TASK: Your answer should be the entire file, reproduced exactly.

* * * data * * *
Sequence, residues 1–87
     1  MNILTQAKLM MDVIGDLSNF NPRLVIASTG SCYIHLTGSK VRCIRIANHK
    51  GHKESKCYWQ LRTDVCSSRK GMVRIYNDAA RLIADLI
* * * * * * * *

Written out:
Sequence, residues 1–87
     1  MNILTQAKLM MDVIGDLSNF NPRLVIASTG SCYIHLTGSK VRCIRIANHK
    51  GHKESKCYWQ LRTDVCSSRK GMVRIYNDAA RLIADLI